The budding plan to pay farmers for the carbon stored in their wetlands couldn't be better timed. Concerns over climate change are rising along with temperatures, and scientists have been exploring a variety of carbon-sequestration methods to help capture the trapped greenhouse gases. Most current initiatives revolve around tree-planting and forest-preservation programs. Lately these have been coupled with what is called the cap-and-trade system, an economic vehicle that enables companies to buy and sell pollution credits on open markets. The credits are a kind of greenhouse-gas currency, and represent the right to emit a certain amount of CO2 or other gases that contribute to global warming.
A successful model for such a market already exists with sulfur dioxide; it was developed after the 1990 Clean Air Act set a cap on sulfur dioxide emissions in an effort to help reduce acid rain. Once the cap was established, the federal government issued emission "allowances" to companies, and trading began in earnest. Companies that operated more efficiently and emitted less sulfur dioxide sold their leftover allowances to companies that ran less efficiently or had higher costs for pollution controls.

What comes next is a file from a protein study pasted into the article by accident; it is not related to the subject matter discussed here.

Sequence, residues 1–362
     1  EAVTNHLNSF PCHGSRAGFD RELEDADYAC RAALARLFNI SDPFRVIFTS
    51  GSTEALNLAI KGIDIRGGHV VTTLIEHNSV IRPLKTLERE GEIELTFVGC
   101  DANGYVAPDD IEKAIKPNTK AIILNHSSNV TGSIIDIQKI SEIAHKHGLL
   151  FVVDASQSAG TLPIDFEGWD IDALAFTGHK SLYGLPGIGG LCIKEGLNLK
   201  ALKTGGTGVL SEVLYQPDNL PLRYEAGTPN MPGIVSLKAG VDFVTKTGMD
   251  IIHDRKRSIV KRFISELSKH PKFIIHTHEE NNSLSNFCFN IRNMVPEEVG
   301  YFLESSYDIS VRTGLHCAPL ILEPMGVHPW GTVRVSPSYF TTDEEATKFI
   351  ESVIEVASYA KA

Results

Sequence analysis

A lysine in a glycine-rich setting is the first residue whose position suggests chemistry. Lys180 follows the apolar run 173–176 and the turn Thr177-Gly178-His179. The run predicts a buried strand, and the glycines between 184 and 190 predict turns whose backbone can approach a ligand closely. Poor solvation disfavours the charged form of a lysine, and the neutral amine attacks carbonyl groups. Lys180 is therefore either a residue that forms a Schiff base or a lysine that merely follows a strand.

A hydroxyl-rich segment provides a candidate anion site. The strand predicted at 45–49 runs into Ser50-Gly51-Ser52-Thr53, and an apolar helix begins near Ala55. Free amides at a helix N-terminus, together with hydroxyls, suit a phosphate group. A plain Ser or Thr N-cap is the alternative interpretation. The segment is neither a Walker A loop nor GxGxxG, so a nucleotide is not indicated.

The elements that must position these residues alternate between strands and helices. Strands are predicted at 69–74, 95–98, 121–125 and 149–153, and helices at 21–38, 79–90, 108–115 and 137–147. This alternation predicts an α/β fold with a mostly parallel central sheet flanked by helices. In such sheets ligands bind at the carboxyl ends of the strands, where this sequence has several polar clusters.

The same principle applies to the fledgling carbon market. In this case, the emission credits are drawn from agreed-on sources of carbon sequestration, such as trees or croplands. To build momentum, last year the World Bank set aside $100 million for its new BioCarbon Fund, which will allow companies in the developing world to offset their emissions by investing in tree planting and other initiatives. Similar projects are under way in the United States. For example, Reliant Energy, a Texas-based utility, recently agreed to plant more than 160,000 trees on 600 acres of pastureland in the state. The trees are expected to capture 215,000 tons of carbon dioxide during the next 70 years.